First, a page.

Over 70 candidates, including a woman, are now registered to run in Libya’s upcoming presidential election.
Meanwhile, head of the Government of National Unity (GNU) Abdulhamid al-Dbeibah pledged that “the country will not witness a new war.”
Commander of the Libyan National Army (LNA) Khalifa Haftar and Saif al-Islam al-Gaddafi, the son of former ruler Moammar al-Gaddafi, should first answer the criminal accusations against them before the country’s presidential elections, local media cited a Libyan prosecutor as saying.
Military prosecutor Masoud Erhouma submitted a request to Emad Al-Sayeh, the head of the High National Elections Commission, asking to halt the candidacy of the two men.
These developments came as the UN envoy to Libya, Jan Kubis, stressed the importance of holding the presidential and parliamentary elections on schedule, calling on all Libyan parties to vote and accept their results.
Kubis’ calls came during a meeting chaired by Vice-President of the Libyan Presidential Council, Abdullah Al-Lafi, during which they discussed issues related to the elections and the measures taken by the electoral commission to ensure the success of the polls, which are set for December.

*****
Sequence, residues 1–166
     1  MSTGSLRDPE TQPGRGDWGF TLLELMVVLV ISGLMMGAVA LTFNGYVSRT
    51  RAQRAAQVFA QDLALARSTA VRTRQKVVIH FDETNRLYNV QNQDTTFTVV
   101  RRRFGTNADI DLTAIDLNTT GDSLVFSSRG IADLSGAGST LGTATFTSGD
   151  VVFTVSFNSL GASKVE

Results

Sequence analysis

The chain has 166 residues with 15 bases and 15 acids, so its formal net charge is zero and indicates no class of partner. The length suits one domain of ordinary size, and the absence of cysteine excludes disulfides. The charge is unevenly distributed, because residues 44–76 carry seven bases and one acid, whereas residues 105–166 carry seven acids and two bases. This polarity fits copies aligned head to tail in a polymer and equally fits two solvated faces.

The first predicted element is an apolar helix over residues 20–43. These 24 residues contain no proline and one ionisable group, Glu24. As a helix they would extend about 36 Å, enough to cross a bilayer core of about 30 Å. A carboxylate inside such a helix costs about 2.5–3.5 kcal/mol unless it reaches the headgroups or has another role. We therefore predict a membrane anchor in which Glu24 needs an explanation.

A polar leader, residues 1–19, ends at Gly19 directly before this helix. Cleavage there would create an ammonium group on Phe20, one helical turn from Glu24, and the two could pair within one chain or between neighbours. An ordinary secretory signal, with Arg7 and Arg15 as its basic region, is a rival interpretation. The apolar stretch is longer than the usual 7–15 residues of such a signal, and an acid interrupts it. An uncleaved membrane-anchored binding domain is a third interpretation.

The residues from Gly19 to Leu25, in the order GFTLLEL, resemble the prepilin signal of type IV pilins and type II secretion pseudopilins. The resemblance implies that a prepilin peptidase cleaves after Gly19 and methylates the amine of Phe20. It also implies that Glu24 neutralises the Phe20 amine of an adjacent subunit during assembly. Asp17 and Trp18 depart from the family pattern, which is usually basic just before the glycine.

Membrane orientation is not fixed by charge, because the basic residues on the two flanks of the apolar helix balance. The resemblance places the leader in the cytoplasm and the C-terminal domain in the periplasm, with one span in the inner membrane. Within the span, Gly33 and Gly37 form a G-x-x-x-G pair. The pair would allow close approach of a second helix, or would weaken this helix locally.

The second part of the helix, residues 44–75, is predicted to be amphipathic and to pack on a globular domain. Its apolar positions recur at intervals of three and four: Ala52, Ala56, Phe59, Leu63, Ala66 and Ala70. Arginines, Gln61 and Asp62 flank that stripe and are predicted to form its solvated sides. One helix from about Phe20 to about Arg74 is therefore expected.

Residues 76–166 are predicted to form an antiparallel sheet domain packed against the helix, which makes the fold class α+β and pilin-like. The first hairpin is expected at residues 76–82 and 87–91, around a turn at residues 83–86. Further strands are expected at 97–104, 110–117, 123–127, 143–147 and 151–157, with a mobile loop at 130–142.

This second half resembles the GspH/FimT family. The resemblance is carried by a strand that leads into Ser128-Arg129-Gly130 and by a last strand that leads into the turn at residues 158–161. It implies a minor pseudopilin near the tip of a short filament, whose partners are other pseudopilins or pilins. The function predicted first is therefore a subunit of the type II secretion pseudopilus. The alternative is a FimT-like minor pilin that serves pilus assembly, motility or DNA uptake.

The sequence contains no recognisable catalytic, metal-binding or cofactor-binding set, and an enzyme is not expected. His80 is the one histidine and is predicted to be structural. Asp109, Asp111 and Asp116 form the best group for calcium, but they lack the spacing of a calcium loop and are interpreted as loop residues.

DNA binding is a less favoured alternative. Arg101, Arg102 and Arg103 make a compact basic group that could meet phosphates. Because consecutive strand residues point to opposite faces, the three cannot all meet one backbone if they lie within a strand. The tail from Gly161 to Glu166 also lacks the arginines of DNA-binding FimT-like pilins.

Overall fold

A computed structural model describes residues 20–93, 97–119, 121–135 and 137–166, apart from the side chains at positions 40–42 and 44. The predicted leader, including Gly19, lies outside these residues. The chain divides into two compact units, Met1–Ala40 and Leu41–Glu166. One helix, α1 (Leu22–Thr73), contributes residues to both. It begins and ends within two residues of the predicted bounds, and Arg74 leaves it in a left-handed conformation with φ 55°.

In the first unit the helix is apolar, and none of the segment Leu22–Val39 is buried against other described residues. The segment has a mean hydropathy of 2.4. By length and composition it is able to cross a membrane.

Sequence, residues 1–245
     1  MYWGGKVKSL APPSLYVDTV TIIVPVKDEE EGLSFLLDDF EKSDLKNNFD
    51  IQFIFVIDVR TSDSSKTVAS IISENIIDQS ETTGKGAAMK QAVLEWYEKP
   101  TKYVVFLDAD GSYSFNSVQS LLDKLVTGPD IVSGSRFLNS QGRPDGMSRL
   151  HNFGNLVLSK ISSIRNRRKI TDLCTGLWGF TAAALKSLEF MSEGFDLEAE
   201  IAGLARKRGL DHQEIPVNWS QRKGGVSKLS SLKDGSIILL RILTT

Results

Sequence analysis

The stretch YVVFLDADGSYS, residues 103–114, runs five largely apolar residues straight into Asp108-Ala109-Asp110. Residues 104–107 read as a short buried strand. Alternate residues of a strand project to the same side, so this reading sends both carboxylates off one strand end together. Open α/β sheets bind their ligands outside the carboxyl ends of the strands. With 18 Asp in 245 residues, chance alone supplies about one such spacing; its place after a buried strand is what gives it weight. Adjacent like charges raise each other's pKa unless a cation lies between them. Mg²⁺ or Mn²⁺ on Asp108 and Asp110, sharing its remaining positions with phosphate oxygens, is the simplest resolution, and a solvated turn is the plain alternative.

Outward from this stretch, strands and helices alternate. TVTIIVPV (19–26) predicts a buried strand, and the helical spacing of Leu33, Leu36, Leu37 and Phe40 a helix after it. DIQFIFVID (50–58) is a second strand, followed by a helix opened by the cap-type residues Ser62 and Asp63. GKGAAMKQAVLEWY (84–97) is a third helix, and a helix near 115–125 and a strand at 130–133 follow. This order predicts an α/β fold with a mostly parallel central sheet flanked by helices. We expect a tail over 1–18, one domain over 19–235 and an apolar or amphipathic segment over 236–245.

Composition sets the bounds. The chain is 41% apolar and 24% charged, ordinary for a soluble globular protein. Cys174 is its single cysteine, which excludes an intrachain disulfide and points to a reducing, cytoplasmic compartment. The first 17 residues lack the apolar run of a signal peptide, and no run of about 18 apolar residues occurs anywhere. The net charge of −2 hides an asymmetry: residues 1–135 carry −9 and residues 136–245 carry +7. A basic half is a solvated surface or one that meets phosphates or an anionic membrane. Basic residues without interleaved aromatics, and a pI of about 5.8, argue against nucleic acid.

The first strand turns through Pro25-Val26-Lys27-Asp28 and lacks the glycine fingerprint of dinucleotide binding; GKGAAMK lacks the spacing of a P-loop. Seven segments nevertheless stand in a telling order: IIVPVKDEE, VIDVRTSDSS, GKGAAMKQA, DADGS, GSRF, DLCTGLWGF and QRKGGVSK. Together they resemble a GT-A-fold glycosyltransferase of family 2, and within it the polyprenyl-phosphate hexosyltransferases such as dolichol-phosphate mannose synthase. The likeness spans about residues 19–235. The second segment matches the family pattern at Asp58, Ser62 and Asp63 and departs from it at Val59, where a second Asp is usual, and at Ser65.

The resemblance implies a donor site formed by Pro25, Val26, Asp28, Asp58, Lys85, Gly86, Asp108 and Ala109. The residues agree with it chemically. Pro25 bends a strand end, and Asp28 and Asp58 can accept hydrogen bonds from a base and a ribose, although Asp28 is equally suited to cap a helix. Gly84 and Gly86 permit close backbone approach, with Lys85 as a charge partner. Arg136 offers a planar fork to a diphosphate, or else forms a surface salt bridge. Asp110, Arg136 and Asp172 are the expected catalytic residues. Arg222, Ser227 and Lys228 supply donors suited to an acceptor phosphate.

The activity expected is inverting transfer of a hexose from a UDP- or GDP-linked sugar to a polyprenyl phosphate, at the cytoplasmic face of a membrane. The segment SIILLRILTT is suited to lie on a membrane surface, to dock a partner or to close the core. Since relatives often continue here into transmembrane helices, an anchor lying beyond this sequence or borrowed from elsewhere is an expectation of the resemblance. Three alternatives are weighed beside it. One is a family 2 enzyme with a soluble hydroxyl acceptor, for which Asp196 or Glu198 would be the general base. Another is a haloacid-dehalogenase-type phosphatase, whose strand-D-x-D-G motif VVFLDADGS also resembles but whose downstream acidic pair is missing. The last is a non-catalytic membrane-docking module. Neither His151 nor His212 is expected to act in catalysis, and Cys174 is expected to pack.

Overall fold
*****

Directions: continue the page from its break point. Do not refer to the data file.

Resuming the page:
The envoy said the current stage in the country is very critical, noting that the judiciary will look into possible objections against candidates.
Kubis said he would convey different views and observations regarding the elections to the UN Security Council in his upcoming briefing on November 24.
According to a statement distributed by the Presidential Council, many officials have expressed their concerns about holding the elections under the current laws and with some “controversial” figures running for office.
The Council warned against any “fraud or distortion of the electoral merits,” stressing that “they will not be a stumbling block to the elections,” but they stipulate for their safety and success “the exclusion of all those involved in crimes against Libyans.”